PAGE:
Play It Again, Sam (1972)
|Year Of Production||1972|
|RSDL / Flipper||No/No||Cast & Crew|
|Start Up||Language Select Then Programme|
|Region Coding||4||Directed By||Herbert Ross|
Paramount Home Entertainment
|Pan & Scan/Full Frame||None||
English Dolby Digital 2.0 (192Kb/s)
German Dolby Digital 2.0 (192Kb/s)
Spanish Dolby Digital 2.0 (192Kb/s)
French Dolby Digital 2.0 (192Kb/s)
Italian Dolby Digital 2.0 (192Kb/s)
|Widescreen Aspect Ratio||1.78:1|
|Video Format||576i (PAL)|
|Original Aspect Ratio||1.85:1||Miscellaneous|
|Annoying Product Placement||No|
|Action In or After Credits||No|
Think of classic Woody Allen and films like Annie Hall and Manhattan immediately spring to mind, not to mention Diane Keaton. Well, this is an early Woody Allen film (in fact, the first featuring Diane) but it does not seem to be as famous as the other two.
Maybe the problem is that it is set in San Francisco rather than New York City. I don't know about you, but I find it very hard to imagine Woody as a Californian, let alone living in San Francisco. But don't worry, apart from a few gratuitous shots of rolling hills, streetcars and the bay, this story might as well be set in New York.
Allan (Woody Allen) is a man who is obsessed with Humphrey Bogart in Casablanca - so obsessed that he regularly imagines Humphrey (Jerry Lacy) talking to him and giving him advice on his life and relationships. Speaking of relationships, his wife Nancy (Susan Anspach) has recently left him, so he is feeling very depressed.
His best friends Dick (Tony Roberts) and Linda (Diane Keaton) tries to match make him with various girls, with hilariously disastrous results. Allan and Linda end up falling in love with each other, creating a love triangle that Humphrey has to end up helping to resolve.
This is an interesting film in that it reminds me strongly of Annie Hall and yet contains the slapstick common to early Woody Allen movies. I like the fact that Dick has this compulsion to update his office with the nearest phone number he can be contacted on no matter where he is. Allan's spastic clumsiness is painful to watch, but his neuroticism and hypochondria is familiar Woody Allen territory.
The transfer is presented in widescreen 1.78:1, 16x9 enhanced, based on a 35mm print (presumably with an intended viewing aspect ratio of 1.85:1).
The transfer is somewhat soft, dark and grainy. Colours appear to be somewhat subdued and faded, though contrast and black levels are quite good.
I did not notice any film marks, nor any significant instances of compression artefacts.
There are a number of subtitle tracks on the disc. Curiously the subtitle menu mentions both English and English for the Hearing Impaired, but I can only find an English subtitle track using PowerDVD. The accuracy of the English subtitle track is about average. I did not notice any dialogue attribution, nor significant transcription of non-dialogue foley effects.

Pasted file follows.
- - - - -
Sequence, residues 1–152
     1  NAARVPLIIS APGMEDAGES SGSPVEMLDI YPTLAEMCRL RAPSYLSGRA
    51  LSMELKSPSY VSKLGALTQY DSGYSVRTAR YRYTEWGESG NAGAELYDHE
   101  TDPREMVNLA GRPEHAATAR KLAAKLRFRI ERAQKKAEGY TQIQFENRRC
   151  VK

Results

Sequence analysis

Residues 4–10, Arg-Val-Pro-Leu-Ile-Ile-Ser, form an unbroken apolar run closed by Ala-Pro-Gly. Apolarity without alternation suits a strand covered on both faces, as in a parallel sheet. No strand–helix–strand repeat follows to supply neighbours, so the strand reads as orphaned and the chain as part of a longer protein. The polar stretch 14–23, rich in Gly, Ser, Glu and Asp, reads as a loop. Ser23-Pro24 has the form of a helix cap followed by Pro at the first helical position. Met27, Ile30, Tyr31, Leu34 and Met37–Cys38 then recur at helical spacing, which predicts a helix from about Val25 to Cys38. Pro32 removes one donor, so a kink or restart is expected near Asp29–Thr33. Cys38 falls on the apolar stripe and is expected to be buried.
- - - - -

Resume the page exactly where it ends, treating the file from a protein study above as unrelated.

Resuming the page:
This is a single sided single layered disc.
There are a number of audio tracks on the disc: English Dolby Digital 2.0 (192kb/s), German Dolby Digital 2.0 (192kb/s), Spanish Dolby Digital 2.0 (192kb/s), French Dolby Digital 2.0 (192kb/s), Italian Dolby Digital 2.0 (192kb/s). I listened to the English audio track.
The audio track is listenable, though lacking in extreme high or low frequencies, and sounded very very mono apart from background music.
I did not have any difficulty understanding the dialogue, and did not notice any audio synchronization issues.
The background music is very reminiscent of "golden oldies" films and include snippets of songs such as As Time Goes By.
|Surround Channel Use|
There are no extras included on this disc.
The menu is static but 16x9 enhanced.
NOTE: To view non-R4 releases, your equipment needs to be multi-zone compatible and usually also NTSC compatible.
The Region 1 and 4 versions of this title appear to be similar (no extras), apart from NTSC vs PAL formatting, and the presence of additional foreign language audio and subtitle tracks.
Play It Again, Sam is an early Woody Allen film and is the first one of his films featuring Diane Keaton.
The video transfer is mediocre.
The audio transfer is mediocre.
There are no extras.
|DVD||Pioneer DV-626D, using Component output|
|Display||Sony VPL-VW11HT LCD Projector, ScreenTechnics 16x9 matte white screen (254cm). Calibrated with Video Essentials/Ultimate DVD Platinum. This display device is 16x9 capable.|
|Audio Decoder||Built in to amplifier/receiver. Calibrated with Video Essentials/Ultimate DVD Platinum.|
|Amplification||Denon AVC-A1SE (upgraded)|
|Speakers||Front and rears: B&W CDM7NT; centre: B&W CDMCNT; subwoofer: B&W ASW2500|